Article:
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This article in SSSAJ

  1. Vol. 46 No. 2, p. 364-369
     
    Received: Apr 27, 1981
    Published: Mar, 1982


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doi:10.2136/sssaj1982.03615995004600020030x

Modification of Buried Soils by Postburial Pedogenesis, Southern Indiana1

  1. M. J. Mausbach,
  2. Robert C. Wingard and
  3. E. E. Gamble2

Abstract

Abstract

The integration of buried soils with overlying soils was evaluated by examining base saturation, clay illuviation, and the clay weathering products of soil formation. Base saturation is considered as a rapidly changing characteristic, clay illuviation as slow to change, and clay minerals as most resistant to alteration. The soils studied have loamy or clayey buried B horizons that overlie clastic or limestone rock of Mississippian age. Pedisediment or a zone of mixed loess and pedisediment separates a surficial loess from the buried Sangamon B horizon. Base saturation and fine clay distributions above clayey and loamy Sangamon B horizons show little change through the loess and pedisediment. This distribution of base saturation and fine clay indicates that the pedisediment is integrated with the ground soil.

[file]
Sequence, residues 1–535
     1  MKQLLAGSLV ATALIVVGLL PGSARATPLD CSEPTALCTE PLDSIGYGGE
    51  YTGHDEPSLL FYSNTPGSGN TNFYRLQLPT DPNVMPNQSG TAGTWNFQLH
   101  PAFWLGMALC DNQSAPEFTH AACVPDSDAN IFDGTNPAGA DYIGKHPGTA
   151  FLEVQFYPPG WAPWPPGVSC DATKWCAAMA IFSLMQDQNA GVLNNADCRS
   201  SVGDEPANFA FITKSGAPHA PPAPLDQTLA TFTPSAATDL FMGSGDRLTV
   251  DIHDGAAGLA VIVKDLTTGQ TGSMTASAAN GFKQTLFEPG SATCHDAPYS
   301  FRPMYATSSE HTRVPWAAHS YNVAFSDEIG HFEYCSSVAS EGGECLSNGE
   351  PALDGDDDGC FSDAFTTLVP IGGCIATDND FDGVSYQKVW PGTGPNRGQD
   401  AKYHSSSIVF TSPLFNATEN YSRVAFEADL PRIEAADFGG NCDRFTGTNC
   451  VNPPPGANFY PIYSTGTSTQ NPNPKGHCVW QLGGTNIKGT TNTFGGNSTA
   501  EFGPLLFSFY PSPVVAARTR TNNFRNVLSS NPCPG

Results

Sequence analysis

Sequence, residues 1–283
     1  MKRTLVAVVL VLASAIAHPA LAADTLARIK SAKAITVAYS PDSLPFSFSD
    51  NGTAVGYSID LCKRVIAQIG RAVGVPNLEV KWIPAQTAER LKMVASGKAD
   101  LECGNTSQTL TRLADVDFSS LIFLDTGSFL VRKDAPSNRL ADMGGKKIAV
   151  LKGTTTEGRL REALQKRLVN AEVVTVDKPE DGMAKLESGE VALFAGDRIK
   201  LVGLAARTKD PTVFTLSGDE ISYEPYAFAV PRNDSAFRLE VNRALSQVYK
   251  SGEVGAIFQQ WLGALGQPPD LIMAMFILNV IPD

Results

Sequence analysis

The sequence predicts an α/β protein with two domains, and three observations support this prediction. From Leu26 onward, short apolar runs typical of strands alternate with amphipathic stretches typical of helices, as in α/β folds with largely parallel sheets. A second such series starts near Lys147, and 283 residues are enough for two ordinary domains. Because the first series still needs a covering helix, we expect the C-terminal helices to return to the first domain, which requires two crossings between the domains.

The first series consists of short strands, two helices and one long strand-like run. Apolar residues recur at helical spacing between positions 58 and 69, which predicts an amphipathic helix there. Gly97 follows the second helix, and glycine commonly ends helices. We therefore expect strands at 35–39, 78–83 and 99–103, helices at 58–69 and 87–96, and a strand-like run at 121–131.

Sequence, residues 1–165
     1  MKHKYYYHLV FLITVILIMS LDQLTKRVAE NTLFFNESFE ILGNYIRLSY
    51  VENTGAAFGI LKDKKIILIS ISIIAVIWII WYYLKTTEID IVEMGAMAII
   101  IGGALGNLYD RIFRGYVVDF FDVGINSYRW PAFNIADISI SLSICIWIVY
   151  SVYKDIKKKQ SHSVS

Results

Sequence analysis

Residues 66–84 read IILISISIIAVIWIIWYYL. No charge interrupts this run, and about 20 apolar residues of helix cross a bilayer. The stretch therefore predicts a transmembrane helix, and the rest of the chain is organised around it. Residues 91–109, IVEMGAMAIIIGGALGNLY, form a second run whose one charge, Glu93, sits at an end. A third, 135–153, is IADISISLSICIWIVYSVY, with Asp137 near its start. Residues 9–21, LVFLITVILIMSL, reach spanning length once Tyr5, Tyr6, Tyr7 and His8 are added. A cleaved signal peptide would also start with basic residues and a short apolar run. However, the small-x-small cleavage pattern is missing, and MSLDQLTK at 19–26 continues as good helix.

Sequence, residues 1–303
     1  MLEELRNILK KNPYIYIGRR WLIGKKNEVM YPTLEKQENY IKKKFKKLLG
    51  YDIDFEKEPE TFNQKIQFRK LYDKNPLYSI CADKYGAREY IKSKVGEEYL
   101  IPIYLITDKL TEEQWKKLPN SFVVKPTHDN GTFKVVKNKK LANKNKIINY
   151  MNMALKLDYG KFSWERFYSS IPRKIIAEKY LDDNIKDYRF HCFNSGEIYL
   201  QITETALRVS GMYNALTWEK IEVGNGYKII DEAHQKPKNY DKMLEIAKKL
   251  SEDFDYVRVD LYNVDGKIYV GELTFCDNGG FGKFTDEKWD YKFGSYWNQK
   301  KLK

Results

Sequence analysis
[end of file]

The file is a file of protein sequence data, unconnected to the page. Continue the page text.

However, where the Sangamon B is clayey, trends in base saturation and fine clay distributions break abruptly at the buried B. Integration of the ground soil with the clayey Sangamon B is not indicated by these properties. When the buried horizons are loamy, there has been post-loess leaching of bases and illuviation of clay. Apparently, clayey buried Bt horizons retard downward movement of solutes which effectively inhibits post-loess alteration of the clayey Sangamon B horizon. Amounts and kinds of clay minerals are about the same in the pedisediment and Sangamon B, which indicates that post-loess integration of the pedisediment has not proceeded to the extent of altering clay mineral suites.

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